Three-year-old boy who disappeared from Hermannsburg died of dog attacks, police believe

Police in the Northern Territory believe that a young boy from a native community in central Australia, who died on New Year’s Day, was killed in an animal attack.

Two dogs from Hermannsburg, southwest of Alice Springs, have been seized for further forensic examination.

The three-year-old boy, who had developmental delays, was reported missing by the family late Friday night, leading to a major search and rescue effort.

He was found in the community with injuries around 9 a.m. the next morning before being taken to the local health clinic where he died.

Police on Sunday declared a major investigation into the death, and Acting Assistant Commissioner Sachim Sharma said on Monday that the boy’s injuries were in line with a dog attack.

Officers are now pursuing a theory that the three-year-old got lost and was attacked overnight.

“A pathological examination has at this stage established that there is an infestation consistent with animal infestation,” said Assistant Commissioner Sharma.

“The investigation will continue, but at present the investigation and the evidence point in that direction.”

The assistant commissioner said the animals seized were camp dogs – a common term for the mixed breed dogs, which are somewhat tame but generally roam freely in some remote communities.

He said the owners of the animals cooperated with investigators and were not charged at this time.

NT Police Acting Assistant Commissioner Sachin Sharma speaks at a press conference.
NT Police Acting Assistant Commissioner Sachin Sharma said support was provided to members of the local community.(ABC News: Myles Houlbrook-Walk)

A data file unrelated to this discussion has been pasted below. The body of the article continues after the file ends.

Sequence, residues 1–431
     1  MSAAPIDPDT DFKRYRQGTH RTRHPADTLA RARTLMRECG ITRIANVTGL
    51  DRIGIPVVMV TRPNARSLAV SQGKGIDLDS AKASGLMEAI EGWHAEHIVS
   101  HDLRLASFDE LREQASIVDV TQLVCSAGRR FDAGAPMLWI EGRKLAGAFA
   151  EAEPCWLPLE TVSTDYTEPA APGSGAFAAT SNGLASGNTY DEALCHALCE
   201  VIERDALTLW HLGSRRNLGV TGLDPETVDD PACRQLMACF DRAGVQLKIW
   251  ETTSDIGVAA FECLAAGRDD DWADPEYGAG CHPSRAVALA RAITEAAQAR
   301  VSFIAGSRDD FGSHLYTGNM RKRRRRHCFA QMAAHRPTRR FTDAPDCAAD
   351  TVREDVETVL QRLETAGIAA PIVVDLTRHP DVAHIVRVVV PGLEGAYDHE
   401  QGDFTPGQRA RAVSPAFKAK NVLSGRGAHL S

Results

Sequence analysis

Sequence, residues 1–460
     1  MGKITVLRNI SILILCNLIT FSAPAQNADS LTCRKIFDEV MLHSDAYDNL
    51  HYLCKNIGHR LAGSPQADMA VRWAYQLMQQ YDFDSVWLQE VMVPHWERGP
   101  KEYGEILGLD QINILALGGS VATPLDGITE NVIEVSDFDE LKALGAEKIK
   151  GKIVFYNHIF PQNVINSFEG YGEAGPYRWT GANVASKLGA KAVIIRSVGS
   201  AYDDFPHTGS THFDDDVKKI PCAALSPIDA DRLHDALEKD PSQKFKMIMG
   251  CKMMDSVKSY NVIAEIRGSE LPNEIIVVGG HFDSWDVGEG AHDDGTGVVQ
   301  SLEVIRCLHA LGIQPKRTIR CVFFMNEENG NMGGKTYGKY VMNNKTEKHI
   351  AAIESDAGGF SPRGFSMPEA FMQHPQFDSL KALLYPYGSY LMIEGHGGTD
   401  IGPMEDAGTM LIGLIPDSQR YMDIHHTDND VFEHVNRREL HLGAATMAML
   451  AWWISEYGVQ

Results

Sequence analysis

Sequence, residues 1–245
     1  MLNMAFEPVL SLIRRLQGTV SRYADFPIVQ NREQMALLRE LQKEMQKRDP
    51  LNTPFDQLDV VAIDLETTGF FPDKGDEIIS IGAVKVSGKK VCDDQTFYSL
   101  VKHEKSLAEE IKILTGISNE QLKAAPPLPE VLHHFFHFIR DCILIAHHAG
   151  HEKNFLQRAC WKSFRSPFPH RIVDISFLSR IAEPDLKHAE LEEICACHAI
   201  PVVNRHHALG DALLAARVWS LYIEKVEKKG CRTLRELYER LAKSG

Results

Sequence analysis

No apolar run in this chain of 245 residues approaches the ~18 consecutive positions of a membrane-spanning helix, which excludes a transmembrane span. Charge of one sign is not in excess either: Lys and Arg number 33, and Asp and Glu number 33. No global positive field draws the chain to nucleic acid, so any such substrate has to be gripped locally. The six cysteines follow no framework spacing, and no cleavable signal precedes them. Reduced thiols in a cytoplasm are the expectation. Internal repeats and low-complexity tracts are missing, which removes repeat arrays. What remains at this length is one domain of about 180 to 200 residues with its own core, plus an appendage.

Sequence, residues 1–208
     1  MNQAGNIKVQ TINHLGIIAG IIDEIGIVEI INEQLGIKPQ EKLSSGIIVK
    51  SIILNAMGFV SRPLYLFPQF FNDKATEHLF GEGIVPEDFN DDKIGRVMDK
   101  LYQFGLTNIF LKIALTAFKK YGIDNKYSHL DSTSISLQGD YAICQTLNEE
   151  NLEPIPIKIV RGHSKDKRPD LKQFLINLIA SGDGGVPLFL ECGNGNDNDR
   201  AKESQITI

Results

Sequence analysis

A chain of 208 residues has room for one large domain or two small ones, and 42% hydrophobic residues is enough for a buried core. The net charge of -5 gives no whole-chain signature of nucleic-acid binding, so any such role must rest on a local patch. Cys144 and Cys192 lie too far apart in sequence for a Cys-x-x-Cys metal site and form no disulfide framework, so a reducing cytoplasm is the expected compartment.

Police are trying to find out if there were witnesses to the attack.

Assistant Commissioner Sharma said their inquiry would also try to determine exactly when the incident took place.

“We do not rule out any ugly game, but as I said, this is a very significant revelation in our investigation,” he said.

“Like I said yesterday, when there is no information that there is no unregulated game, we will always investigate it to the nth degree.”

The new development comes after a team of detectives, forensic scientists and local police were deployed to the community after the boy’s death and interviewed members of the local community door to door.

Resilience and engagement officers are also in the community to offer support.

“You can imagine how the family and the community are doing, including investigating officers,” said Assistant Commissioner Sharma.

“We will keep a close eye on members of the local community. Should they need further assistance, we will help them.”

Police have expressed their condolences to the boy’s family.

A report is being prepared for the forensic pathologist.


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